What Constitutes “Safe Sex” During a Pandemic?
We know what safe sex means when it comes to preventing STIs, but the rules for COVID-safe sex are a lot less clear
After exchanging nudes with a guy I was messaging recently on Grindr, he asked if I wanted to come over and “breed his hole.” Before I could reply, he followed up, “Have you been safe with COVID?”
I don’t think anyone is actively attempting to be unsafe during the pandemic — even those refusing to wear masks or attending music festivals. Presumably, these people simply don’t see COVID as a risk to their safety, or think it’s highly improbable they’ll contract it, so they, too, view themselves as being safe.
That’s the issue with the term “safe:” it’s relative. Actions one person may consider safe during a pandemic another person may not. Our understanding of what is safe is also changing daily. “Just like with HIV in the ’80s, there’s brand new information coming out every day,” says Perry N. Halkitis, Ph.D., MPH, Dean of the School of Public Health at Rutgers University. “And there’s so much we still don’t know about the virus.”
This lack of information makes it impossible to have a unified agreement of what constitutes “safe sex” during a pandemic. STI prevention isn’t the only health concern we have to think about in the bedroom these days, and while health officials have attempted to lay down guidelines for COVID-safe sex, it seems everyone’s more or less playing by their own rules. Abstinence may have been an option when we thought this deadly virus would be contained in a matter of weeks or even months, but avoiding sex indefinitely is no longer a feasible course of action for many. People want to have sex, and they’re going to have it one way or another.
I am one of those people, and I’ve struggled with the best way to do it “safely.” After my exchange with “Daddyshole69” — not his real name — I began wondering what really constitutes safe sex in a pandemic. So, I asked around to see who’s been fucking.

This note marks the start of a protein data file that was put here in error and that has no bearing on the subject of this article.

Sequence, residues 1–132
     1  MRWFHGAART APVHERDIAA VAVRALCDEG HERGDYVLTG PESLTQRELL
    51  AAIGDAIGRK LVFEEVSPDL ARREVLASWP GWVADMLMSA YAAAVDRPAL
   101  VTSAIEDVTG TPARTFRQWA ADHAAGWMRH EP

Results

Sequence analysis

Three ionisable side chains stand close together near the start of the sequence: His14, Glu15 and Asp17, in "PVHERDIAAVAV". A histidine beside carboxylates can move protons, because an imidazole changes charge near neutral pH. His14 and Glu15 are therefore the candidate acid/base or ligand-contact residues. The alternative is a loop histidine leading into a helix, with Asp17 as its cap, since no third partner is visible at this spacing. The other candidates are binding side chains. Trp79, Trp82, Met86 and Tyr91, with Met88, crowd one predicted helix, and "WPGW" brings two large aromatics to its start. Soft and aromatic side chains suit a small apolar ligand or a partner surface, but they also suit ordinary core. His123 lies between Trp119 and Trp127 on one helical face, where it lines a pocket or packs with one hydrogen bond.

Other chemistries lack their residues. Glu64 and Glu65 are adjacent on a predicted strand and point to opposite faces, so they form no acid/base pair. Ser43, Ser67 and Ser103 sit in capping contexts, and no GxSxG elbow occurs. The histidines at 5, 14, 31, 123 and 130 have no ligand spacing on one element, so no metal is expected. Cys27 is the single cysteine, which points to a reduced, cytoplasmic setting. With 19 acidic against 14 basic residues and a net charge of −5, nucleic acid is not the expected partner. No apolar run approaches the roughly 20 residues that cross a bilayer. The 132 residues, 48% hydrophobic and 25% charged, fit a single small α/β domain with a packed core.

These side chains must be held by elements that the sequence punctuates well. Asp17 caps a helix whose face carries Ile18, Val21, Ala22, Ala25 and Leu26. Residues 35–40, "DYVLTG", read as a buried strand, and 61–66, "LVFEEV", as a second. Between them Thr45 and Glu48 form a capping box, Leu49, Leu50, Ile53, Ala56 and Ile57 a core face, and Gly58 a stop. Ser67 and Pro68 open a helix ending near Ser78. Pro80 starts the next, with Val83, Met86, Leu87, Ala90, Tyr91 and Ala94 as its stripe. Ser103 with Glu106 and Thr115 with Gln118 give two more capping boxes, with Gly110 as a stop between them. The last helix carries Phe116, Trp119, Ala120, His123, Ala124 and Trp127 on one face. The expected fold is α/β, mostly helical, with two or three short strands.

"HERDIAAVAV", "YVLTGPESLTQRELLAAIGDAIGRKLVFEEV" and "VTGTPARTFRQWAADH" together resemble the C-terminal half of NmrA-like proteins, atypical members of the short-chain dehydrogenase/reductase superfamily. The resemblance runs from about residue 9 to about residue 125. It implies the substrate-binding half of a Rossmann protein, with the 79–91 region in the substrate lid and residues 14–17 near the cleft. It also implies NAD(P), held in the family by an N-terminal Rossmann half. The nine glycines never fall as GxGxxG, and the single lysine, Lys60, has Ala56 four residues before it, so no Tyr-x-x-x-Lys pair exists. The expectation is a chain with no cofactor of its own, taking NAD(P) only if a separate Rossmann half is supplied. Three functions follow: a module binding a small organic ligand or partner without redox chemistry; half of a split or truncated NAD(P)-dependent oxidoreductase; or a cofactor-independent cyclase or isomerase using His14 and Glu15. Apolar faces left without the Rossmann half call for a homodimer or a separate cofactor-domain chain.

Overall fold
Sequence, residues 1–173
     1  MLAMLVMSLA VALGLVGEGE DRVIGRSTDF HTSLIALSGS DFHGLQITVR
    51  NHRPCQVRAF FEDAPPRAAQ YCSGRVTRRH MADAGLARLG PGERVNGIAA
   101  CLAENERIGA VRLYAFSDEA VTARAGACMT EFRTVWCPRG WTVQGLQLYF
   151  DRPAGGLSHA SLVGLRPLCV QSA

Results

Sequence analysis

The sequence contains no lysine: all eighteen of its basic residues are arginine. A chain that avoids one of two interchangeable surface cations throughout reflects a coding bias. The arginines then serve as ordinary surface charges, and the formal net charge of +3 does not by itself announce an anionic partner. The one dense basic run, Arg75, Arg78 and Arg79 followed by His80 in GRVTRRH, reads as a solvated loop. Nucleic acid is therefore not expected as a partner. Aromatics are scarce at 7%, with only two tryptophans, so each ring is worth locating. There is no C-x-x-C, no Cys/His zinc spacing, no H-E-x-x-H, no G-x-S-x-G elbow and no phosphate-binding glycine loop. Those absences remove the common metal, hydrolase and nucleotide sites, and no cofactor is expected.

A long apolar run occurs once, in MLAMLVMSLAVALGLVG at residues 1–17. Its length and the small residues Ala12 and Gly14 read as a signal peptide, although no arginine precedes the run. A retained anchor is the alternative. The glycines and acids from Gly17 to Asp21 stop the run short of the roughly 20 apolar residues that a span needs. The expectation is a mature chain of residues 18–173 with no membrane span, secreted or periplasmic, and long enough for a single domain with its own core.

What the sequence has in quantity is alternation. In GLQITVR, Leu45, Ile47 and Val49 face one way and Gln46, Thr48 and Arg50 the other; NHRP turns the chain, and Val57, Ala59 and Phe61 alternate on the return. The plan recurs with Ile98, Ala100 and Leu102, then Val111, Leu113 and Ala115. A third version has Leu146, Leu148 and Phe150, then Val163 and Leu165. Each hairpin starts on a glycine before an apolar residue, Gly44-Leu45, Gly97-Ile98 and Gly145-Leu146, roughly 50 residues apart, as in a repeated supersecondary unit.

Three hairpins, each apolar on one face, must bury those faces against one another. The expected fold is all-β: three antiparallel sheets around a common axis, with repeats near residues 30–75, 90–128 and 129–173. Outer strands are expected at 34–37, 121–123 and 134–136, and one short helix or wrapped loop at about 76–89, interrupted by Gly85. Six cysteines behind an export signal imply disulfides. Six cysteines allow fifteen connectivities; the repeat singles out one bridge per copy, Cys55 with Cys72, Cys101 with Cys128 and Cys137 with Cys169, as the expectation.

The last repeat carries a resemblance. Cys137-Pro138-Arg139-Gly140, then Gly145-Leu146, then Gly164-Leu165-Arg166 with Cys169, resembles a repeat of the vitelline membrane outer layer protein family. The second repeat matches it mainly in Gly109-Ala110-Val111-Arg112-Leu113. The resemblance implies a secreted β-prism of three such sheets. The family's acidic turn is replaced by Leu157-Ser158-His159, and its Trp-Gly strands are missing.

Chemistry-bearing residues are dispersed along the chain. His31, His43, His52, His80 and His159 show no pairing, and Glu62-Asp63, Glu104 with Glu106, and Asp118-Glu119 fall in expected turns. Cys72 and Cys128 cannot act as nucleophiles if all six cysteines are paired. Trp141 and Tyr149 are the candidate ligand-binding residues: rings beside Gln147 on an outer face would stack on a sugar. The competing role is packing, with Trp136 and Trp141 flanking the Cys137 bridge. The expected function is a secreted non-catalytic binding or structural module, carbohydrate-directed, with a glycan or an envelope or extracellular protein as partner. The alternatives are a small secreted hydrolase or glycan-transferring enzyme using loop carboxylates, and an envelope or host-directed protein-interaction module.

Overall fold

Sophia, 27, a born and raised New Yorker, has had sex with roughly 30 people since April. She’s been tested for COVID and antibodies twice; each time, both results came back negative. At the beginning of the pandemic, she only had sex with people she’d already slept with — her primary partner, a former lover and artistic collaborators. She asked each of them whom they’d been seeing and the last time they were tested for COVID, maintaining an honest and open line of communication with those partners. It wasn’t until July that she took up with a new partner, and only after he conveyed that he had tested positive for antibodies.
The presence of antibodies, however, is likely not a useful metric when it comes to calculating COVID risk. “There’s no evidence that antibodies are protective,” Halkitis makes clear. “None, none, none.”
As of late, Sophia’s felt comfortable sleeping with more people without directly discussing their number of partners and COVID status because cases have been consistently low in New York. She’s also only having sex with folks in her sex-positive, polyamorous community. “Within my community, I feel safe because there’s a trust that exists among the members to be diligent with all forms of testing (STIs included),” she says.
Despite her many partners during COVID, Sophia says health and safety is still a priority she takes seriously.